- Civil Rights Act
July 2, 1964President Lyndon B. Johnson signs the Civil Rights Act of 1964, mandating equal opportunity employment, and complete desegregation of schools and other public facilities. It also outlaws unequal voter registration requirements.13 Though it would take years for these changes to take effect in communities around the country, the law is a monumental victory for the civil rights movement.
- Nobel Peace Prize
October 14, 1964The Rev. Dr. Martin Luther King Jr. is awarded the Nobel Peace Prize; at 35, he is the youngest recipient.
- Assassination of Malcolm X
February 21, 1965Malcolm X, a Muslim minister and an advocate of black nationalism, is fatally shot in Manhattan’s Audubon Ballroom. He had publicly broken with Nation of Islam leader Elijah Muhammad a year earlier; three Nation of Islam members, Talmadge X Hayer, Norman 3X Butler and Thomas 15X Johnson, are later convicted in the assassination.14
- ‘Bloody Sunday’
March 7, 1965Hoping to promote equal voting rights, civil rights leaders John Lewis and the Rev. Hosea Williams lead more than 500 marchers across the Edmund Pettus Bridge (named for a Confederate general) in Selma, Ala., en route to the state capital of Montgomery. Awaiting them on the other side of the bridge are Alabama state troopers on horseback, who proceed to attack them with billy clubs and tear gas; Lewis, the future congressman, is hospitalized with a fractured skull. The events are captured on television and broadcast to a horrified national audience. Demonstrations follow in 80 U.S. cities to protest the “Bloody Sunday” beatings, and hundreds of people begin streaming into Selma to march anew.15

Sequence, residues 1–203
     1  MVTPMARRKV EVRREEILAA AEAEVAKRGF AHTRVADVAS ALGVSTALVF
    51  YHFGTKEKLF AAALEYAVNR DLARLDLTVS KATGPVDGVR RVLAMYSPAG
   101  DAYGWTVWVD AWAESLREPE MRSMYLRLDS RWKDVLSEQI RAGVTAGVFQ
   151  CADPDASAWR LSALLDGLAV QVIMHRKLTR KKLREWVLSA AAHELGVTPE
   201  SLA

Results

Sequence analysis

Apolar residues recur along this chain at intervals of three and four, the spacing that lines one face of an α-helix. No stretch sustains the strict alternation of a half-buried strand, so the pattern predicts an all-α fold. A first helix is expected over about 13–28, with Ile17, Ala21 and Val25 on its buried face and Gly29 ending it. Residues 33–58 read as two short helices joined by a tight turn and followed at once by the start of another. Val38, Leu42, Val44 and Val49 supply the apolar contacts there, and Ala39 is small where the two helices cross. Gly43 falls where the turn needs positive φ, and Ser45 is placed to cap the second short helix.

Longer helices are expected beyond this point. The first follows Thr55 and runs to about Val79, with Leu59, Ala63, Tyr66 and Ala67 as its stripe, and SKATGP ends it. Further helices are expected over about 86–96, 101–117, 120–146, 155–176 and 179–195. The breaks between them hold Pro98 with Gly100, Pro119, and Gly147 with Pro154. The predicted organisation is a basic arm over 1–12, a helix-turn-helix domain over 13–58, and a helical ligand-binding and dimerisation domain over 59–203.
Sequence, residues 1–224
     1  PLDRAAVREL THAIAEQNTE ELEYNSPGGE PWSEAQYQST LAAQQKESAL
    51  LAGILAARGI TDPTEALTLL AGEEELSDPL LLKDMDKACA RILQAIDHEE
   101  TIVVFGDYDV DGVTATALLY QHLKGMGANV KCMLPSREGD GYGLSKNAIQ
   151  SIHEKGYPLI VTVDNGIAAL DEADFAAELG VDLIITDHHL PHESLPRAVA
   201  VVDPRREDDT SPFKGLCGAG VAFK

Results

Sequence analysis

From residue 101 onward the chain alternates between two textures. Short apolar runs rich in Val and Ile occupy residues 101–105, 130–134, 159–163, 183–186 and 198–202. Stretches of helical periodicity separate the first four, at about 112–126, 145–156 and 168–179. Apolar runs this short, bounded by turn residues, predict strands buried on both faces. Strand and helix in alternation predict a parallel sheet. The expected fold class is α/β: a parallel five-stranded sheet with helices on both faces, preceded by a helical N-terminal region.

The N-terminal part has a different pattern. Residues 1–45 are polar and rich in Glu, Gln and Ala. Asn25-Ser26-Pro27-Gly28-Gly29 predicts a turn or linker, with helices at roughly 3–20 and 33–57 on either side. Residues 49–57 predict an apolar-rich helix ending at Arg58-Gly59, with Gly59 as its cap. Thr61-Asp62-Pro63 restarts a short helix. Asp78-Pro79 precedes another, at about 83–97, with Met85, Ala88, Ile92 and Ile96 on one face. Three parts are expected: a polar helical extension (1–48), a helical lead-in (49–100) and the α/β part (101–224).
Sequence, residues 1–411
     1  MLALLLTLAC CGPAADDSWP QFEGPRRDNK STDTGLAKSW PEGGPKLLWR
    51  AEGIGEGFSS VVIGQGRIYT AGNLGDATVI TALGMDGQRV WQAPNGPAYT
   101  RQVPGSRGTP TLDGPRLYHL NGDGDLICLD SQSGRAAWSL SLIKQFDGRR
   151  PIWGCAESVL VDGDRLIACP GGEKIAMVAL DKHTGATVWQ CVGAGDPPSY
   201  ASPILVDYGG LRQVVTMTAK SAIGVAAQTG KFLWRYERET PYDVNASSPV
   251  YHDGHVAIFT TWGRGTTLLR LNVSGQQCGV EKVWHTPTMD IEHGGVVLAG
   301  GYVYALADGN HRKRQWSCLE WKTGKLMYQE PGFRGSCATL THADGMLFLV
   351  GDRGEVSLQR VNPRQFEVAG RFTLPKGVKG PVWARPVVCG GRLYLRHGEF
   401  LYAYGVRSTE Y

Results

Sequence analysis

- Second Selma March
March 9, 1965The second Selma march is led by King and consists of roughly 2,000 marchers, including hundreds of clergymen who came from around the nation. They go to the Pettus Bridge, site of the Bloody Sunday beatings, where once again state troopers are waiting. The marchers sing “We Shall Overcome,” kneel and pray, and then, in compliance with a federal injunction, turn back. King’s decision to make the march symbolic is criticized by more militant civil-rights activists who were prepared for confrontation. That night, one of the clergymen who had come to Selma to march, James J. Reeb of Boston, a white Unitarian minister, is brutally beaten by local white segregationists. He dies two days later.